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PLoS One. 2011;6(8):e23437. doi: 10.1371/journal.pone.0023437. Epub 2011 Aug 31.

Differential development of human brain white matter tracts.

Author information

1
Phyllis Green and Randolph Cowen Institute for Pediatric Neuroscience, Child Study Center, Langone Medical Center, New York University, New York City, New York, United States of America.

Abstract

Neuroscience is increasingly focusing on developmental factors related to human structural and functional connectivity. Unfortunately, to date, diffusion-based imaging approaches have only contributed modestly to these broad objectives, despite the promise of diffusion-based tractography. Here, we report a novel data-driven approach to detect similarities and differences among white matter tracts with respect to their developmental trajectories, using 64-direction diffusion tensor imaging. Specifically, using a cross-sectional sample comprising 144 healthy individuals (7 to 48 years old), we applied k-means cluster analysis to separate white matter voxels based on their age-related trajectories of fractional anisotropy. Optimal solutions included 5-, 9- and 14-clusters. Our results recapitulate well-established tracts (e.g., internal and external capsule, optic radiations, corpus callosum, cingulum bundle, cerebral peduncles) and subdivisions within tracts (e.g., corpus callosum, internal capsule). For all but one tract identified, age-related trajectories were curvilinear (i.e., inverted 'U-shape'), with age-related increases during childhood and adolescence followed by decreases in middle adulthood. Identification of peaks in the trajectories suggests that age-related losses in fractional anisotropy occur as early as 23 years of age, with mean onset at 30 years of age. Our findings demonstrate that data-driven analytic techniques may be fruitfully applied to extant diffusion tensor imaging datasets in normative and neuropsychiatric samples.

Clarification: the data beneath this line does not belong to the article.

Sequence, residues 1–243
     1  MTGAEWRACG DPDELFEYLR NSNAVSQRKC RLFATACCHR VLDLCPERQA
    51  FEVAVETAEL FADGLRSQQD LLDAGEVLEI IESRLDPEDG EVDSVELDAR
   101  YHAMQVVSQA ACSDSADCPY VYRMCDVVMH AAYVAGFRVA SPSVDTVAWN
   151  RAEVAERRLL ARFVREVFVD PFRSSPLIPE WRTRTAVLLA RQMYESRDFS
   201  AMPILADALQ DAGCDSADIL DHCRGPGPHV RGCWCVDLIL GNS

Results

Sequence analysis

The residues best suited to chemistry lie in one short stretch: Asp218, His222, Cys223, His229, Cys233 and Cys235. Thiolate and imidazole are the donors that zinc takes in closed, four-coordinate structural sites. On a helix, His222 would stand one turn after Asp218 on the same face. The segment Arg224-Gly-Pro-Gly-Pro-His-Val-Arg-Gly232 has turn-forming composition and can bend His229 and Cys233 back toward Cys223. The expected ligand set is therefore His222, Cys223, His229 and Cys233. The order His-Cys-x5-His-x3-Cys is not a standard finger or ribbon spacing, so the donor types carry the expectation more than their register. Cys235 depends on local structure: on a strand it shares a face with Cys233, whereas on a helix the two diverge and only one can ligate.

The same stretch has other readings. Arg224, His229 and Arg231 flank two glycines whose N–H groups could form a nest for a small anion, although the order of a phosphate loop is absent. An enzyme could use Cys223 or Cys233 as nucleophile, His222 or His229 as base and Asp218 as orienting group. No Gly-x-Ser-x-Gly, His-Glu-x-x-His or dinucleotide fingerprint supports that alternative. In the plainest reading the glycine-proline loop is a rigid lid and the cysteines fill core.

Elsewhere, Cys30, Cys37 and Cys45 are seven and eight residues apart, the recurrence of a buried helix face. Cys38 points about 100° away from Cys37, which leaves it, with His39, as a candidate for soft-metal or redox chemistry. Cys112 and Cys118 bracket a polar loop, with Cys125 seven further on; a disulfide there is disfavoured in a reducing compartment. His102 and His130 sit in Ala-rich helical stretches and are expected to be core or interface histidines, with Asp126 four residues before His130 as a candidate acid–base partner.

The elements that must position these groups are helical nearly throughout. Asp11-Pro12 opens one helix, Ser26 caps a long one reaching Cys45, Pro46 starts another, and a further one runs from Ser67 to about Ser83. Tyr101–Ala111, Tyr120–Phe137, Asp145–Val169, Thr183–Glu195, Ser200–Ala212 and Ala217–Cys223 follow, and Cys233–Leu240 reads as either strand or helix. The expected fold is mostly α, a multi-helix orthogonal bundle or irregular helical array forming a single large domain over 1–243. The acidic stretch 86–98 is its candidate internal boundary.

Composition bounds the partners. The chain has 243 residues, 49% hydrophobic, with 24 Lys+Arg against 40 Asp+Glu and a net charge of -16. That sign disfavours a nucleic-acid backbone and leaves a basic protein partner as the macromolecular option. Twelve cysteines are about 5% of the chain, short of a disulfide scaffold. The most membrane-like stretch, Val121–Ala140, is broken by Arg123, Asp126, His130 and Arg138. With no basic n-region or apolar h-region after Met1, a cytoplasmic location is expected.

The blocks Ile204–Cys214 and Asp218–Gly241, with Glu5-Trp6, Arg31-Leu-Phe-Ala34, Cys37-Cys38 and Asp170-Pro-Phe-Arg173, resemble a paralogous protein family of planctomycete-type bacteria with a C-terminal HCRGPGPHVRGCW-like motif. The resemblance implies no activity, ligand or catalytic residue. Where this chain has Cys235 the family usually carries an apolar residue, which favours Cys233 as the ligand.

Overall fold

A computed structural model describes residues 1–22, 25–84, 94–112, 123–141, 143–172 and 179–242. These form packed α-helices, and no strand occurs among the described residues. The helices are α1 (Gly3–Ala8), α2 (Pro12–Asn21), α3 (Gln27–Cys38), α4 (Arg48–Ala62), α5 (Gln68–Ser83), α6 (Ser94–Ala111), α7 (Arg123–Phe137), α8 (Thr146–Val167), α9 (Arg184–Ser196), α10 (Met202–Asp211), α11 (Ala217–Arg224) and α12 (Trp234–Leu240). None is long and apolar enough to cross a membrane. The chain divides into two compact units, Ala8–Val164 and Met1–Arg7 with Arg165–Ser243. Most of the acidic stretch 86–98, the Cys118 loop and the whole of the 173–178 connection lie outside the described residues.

PMID:
21909351
PMCID:
PMC3166135
DOI:
10.1371/journal.pone.0023437
[Indexed for MEDLINE]
Free PMC Article

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